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Until he launched a direct assault on American democracy, Clark’s résumé looked much like that of countless conservative lawyers. He clerked for Judge Danny Boggs, a hard-right Ronald Reagan nominee, and worked at the big law firm Kirkland & Ellis. Naturally, he joined the Federalist Society, frequently participating in the organization’s events and serving as chair of its environmental law and property rights practice group for seven years. Clark also taught at George Mason University School of Law (now Antonin Scalia Law School), a hub of conservative-libertarian legal studies lavishly funded by the Koch brothers. When he entered Trump’s Justice Department in 2018, he served as assistant Attorney General of the Environment and Natural Resources Division; in that position, he sought to weaken federal environmental protections, freeing polluters to disregard long-standing regulations.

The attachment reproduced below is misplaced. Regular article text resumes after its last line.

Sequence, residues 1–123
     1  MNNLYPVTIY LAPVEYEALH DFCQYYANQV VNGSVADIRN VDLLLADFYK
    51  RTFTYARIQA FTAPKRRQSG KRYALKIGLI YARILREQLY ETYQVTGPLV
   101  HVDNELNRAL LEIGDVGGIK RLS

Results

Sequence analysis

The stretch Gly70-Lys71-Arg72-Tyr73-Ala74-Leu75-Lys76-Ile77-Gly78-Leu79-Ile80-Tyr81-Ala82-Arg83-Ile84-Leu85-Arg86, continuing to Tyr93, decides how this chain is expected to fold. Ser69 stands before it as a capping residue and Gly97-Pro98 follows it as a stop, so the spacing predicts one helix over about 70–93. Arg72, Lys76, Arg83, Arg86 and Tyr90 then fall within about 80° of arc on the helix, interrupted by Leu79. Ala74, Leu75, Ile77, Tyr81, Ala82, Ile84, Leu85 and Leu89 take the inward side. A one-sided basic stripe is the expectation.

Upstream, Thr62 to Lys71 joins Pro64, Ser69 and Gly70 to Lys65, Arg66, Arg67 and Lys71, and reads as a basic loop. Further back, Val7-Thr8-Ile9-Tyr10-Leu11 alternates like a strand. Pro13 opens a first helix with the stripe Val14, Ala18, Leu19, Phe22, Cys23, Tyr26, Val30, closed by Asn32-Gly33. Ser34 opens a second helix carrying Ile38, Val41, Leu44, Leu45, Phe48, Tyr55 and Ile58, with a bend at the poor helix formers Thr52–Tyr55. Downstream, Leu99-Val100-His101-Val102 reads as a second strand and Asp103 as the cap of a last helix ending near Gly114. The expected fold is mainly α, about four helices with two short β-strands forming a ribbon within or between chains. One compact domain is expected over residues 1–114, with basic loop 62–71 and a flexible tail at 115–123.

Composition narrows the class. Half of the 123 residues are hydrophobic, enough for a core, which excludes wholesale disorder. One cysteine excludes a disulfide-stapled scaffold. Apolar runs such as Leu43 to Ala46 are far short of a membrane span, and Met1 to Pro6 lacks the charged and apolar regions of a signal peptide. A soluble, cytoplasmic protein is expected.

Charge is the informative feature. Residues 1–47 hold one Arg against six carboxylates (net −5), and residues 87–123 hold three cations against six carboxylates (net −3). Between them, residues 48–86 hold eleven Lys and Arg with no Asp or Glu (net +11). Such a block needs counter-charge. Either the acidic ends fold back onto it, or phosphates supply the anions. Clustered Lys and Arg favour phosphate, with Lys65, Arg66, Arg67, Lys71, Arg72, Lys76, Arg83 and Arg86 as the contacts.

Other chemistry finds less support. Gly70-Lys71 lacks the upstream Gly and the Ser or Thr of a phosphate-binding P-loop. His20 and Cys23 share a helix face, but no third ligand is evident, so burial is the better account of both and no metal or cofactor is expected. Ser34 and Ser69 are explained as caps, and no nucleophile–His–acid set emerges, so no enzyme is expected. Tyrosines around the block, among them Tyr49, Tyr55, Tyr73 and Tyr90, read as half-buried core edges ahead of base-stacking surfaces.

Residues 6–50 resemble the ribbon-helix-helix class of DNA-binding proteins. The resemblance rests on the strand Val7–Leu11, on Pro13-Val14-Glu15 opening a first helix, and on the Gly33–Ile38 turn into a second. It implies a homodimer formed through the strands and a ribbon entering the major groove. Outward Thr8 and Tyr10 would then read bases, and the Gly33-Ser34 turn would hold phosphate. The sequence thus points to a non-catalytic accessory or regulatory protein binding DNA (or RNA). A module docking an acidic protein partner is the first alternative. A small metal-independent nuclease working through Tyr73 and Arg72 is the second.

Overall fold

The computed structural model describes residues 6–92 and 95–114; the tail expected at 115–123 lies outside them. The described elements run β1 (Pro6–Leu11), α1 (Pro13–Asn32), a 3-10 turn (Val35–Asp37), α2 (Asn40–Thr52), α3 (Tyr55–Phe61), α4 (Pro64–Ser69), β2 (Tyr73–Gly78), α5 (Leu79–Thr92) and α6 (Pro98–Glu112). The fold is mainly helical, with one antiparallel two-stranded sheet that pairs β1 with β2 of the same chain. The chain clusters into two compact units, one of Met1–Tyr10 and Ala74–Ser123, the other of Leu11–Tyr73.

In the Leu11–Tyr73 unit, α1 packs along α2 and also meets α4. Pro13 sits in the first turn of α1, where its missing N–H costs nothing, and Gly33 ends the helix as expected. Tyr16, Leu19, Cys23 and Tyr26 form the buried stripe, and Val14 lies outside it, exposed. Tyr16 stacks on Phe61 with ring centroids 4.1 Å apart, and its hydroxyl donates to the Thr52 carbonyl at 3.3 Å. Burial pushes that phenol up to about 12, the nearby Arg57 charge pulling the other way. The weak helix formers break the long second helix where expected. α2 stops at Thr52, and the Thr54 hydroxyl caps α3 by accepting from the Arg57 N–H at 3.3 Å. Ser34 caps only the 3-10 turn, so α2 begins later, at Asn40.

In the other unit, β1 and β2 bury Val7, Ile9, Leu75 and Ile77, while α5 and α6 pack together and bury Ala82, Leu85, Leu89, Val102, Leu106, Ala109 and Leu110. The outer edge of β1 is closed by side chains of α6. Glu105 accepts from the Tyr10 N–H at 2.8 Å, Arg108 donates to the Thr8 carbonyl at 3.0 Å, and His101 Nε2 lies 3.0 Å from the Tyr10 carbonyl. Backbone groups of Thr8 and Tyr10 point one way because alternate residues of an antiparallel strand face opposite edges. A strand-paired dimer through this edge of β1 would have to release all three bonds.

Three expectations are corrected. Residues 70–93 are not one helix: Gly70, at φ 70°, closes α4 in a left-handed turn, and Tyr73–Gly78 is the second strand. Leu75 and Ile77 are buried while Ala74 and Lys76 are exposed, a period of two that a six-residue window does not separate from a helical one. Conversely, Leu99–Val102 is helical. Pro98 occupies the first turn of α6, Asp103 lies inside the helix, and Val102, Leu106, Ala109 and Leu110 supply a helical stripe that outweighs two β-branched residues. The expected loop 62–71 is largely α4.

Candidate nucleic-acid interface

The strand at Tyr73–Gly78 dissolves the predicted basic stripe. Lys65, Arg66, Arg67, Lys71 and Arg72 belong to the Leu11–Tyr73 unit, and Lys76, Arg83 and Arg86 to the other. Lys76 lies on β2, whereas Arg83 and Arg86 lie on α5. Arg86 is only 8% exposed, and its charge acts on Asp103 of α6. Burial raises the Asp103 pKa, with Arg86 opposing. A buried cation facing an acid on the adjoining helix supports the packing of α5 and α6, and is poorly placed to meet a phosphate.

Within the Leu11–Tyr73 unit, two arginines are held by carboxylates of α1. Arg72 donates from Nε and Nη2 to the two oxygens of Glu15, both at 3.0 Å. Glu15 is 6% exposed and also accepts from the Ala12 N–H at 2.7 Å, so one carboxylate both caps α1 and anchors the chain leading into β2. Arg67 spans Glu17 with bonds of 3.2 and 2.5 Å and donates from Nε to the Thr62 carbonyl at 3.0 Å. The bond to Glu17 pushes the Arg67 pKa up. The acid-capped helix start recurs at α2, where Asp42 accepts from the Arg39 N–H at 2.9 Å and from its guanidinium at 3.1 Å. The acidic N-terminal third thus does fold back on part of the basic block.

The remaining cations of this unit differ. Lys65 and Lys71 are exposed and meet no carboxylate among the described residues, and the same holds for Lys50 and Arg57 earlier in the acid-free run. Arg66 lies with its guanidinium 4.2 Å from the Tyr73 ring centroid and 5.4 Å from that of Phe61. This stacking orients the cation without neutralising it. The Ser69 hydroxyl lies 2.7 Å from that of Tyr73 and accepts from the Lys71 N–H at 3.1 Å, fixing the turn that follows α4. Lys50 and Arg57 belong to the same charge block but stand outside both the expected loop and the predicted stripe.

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So far, par for the course. But Clark took a turn in the final months of the Trump administration, when he ascended to acting Assistant Attorney General of DOJ’s Civil Division. In the wake of the 2020 election, Clark latched onto the lie that mass voter fraud had tainted the results, and that Trump was the true victor. He scrambled to throw the Justice Department behind Trump’s machinations to toss out millions of votes and seize an unearned second term. Documents obtained by the House Committee on Oversight and Reform show Clark urging the Justice Department to investigate conspiracy theories about voter fraud in Georgia. (In one email, Clark noted that he was on the phone with a pro-Trump activist who claimed to have filmed proof of voter fraud in Atlanta. The alleged video evidence never materialized.) He also pressured U.S. Attorney BJay Pak to probe these nonsensical allegations, leading Pak to resign abruptly.